He’s everyone’s favorite secret. Dijon sits just below the surface, on his way to breaking through the underground with shout-outs from acclaimed artists like Brockhampton, and a YouTube comments section that spans from “you’re so underrated it hurts” to “Dijon could pee into a mic and I would still cry to it lying on my back naked.”

The YouTube populace has spoken correctly. Dijon’s new EP Sci Fi 1 is the music you cry to, preferably stripped down naked while showering in the dark, floating freely through the intimacy of his sound yet still bound by the walls of the shower (or the walls of heartbreak, in a metaphorical sense.) Dijon’s personal interest in symbolism inspires yet another allegory in response to his sound: Sci Fi 1 is a flow you want to rock your baby to, ensuring that the child grows up with the aptitude for loving Frank Ocean or Miguel.

Dijon’s crooning sound stumbles through the sadness of desire and longing, navigating a dazed space that’s extremely simplistic, yet transcendental. Most gripping, however, is Dijon’s symbolic ability, allowing for a short, three-minute song to take on the rhetorical effect of a full-length novel. In an interview with The Fader, Dijon explains, “There’s a pulling apart of American symbolism and ideas … not to sound like a dickhead — (there’s) a human need for these symbols and signifiers as weird, abstract representations of humanness. That’s fascinating.”

For this reason, Sci Fi 1 elevates itself by addressing heartbreak with unpretentious and unannounced analogies that enables longing in a way that plain fact cannot. The “X factor” that makes Frank Ocean fans rock their babies to Dijon’s sound, however, is his interrogation of minorities taking on symbols used by predominantly white artists. Dijon is of Guamanian descent, and spent the majority of his childhood moving back and forth between The U.S. and Germany before attending The University of Maryland. In a similar manner to Tyler The Creator, his R&B sound is based partially on tropes of whiteness that otherwise would not be associated with his ethnicity.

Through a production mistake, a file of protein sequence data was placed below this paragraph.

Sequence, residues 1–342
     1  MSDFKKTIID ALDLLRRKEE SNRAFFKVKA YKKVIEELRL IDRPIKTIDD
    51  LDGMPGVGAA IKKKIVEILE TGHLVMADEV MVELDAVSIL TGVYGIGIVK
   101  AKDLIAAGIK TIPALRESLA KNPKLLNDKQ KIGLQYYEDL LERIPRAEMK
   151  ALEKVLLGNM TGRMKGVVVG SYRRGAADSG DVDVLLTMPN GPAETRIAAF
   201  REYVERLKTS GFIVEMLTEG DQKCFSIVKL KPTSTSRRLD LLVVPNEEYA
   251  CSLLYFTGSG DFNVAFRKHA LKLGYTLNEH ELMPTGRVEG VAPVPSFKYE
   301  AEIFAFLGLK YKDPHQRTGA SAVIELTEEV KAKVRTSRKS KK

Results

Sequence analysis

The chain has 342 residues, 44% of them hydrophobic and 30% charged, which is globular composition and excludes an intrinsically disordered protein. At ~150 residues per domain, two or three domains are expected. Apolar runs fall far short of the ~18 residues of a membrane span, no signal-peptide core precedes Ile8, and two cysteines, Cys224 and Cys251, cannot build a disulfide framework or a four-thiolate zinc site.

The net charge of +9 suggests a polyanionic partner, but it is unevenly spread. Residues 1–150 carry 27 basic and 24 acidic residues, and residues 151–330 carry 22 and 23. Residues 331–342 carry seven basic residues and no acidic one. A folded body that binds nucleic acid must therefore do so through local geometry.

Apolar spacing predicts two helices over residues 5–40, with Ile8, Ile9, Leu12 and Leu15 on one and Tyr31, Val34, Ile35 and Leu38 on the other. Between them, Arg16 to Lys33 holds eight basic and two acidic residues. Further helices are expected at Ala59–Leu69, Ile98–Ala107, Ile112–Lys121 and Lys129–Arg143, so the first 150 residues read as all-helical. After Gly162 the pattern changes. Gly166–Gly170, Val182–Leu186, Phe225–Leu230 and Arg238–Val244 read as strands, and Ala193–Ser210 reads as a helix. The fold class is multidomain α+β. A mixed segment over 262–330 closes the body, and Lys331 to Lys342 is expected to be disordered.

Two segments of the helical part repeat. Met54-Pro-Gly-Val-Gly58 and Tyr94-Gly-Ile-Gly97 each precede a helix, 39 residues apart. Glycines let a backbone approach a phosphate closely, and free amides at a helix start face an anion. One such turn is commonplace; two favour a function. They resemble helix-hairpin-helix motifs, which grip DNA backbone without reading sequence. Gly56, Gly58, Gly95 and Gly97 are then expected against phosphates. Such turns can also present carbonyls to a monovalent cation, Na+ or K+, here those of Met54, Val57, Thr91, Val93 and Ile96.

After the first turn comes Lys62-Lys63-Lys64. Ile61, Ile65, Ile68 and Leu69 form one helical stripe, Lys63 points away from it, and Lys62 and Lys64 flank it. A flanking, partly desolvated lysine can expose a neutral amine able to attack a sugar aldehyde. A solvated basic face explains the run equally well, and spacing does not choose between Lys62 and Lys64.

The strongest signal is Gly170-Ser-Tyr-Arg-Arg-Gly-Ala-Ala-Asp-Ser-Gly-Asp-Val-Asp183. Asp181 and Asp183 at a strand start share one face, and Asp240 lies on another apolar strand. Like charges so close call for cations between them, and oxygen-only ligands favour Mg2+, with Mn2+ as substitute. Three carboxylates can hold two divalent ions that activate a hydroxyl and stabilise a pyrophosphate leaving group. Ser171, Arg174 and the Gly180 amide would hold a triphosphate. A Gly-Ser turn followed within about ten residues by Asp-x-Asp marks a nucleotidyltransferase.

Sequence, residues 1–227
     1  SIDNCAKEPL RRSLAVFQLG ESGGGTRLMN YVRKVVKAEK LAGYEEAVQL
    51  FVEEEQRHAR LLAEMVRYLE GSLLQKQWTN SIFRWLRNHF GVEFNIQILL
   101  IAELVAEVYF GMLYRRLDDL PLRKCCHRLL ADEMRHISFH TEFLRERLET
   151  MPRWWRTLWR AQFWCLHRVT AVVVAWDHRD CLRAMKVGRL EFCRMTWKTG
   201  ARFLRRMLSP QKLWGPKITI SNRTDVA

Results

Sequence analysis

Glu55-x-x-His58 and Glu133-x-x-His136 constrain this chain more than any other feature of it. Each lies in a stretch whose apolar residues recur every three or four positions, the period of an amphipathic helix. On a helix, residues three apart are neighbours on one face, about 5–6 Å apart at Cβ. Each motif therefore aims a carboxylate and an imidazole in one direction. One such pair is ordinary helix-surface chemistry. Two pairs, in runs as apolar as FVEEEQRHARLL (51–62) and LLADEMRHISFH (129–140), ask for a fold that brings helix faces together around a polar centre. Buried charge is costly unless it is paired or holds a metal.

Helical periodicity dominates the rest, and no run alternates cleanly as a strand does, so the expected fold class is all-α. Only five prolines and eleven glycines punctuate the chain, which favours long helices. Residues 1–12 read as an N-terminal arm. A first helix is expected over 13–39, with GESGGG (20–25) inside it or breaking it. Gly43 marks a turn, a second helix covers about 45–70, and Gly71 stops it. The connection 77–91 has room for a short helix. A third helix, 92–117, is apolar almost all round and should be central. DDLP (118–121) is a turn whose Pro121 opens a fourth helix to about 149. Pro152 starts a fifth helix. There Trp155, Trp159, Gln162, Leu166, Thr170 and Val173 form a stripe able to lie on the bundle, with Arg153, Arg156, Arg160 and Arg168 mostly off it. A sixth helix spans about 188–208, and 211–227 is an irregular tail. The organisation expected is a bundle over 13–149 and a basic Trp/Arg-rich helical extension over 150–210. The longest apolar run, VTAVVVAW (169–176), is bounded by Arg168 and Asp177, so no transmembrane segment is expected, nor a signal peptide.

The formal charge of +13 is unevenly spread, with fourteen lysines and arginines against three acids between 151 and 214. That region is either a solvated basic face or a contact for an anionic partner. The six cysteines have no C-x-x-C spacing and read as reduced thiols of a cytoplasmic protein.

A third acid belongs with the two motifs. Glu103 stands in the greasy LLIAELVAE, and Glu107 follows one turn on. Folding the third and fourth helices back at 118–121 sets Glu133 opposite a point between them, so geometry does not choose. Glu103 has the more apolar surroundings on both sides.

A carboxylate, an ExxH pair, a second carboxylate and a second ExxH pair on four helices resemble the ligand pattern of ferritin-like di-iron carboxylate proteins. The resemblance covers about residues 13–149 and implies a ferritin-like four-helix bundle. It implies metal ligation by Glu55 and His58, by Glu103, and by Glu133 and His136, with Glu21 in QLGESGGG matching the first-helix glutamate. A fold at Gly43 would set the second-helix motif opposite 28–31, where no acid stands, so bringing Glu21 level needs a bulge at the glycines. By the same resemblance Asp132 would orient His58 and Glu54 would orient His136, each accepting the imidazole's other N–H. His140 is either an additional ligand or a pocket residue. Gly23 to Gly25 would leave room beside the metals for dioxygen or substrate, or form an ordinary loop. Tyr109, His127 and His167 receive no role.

Arguably the most powerful track from the EP, “Dog Eyes” examines the abstract qualities of despondency. Guitar-driven with gaps of white noise, Dijon’s soft hum of a voice ascends from thinking of his intimate other with his eyes as wide, red, and finally, dog-eyed. With a quick trip to PetMd (vet authored and vet approved), it can be known that dog eyes enable a grainy vision that is a lot less vibrant, with more difficulty in differentiating between shades as well as human eyes do. Moreover, dogs see better in low or dim light as compared to humans. Personally, the inescapable ache and yearning for a lost vibrancy becomes more tangible to me when navigated through the lens of a dog’s vision, and lyrics like “A sea of grey and black around you, I get dog eyes when I think about you” come to life. The imagery of a dog’s glossed over eyes is a feeling the heartbroken didn’t even know they needed, as it animates walking through shades of gray and black.

Paired with his abstract inclinations, Dijon masterfully plays into the use of personal sorrows that, in actuality, are extremely universal. Everyone and their mother seems to remember a teenage summertime, which Dijon grasps in his single “Cannonball.” “Cannonball” complements the melancholy of “Dog Eyes” by stumbling into the space of a sensual ache. His analogies to cannonballs in the pool add undercurrents of coming-of-age to a song that otherwise searches for physical gratification. Paired with his upper range and the surges of aggression that disrupt the gentle guitar, the summertime breeze shivers down your spine.

If Frank Ocean holds your heart, it is absolutely critical to give Dijon a listen. Not to be misinterpreted, his creativity and artistry lands him his own personal lane separate from that of Ocean, but it’s as if he’s Ocean’s second cousin. And who wouldn’t want to cry, laying on their back naked in the shower, to that crooning, intimate sound?

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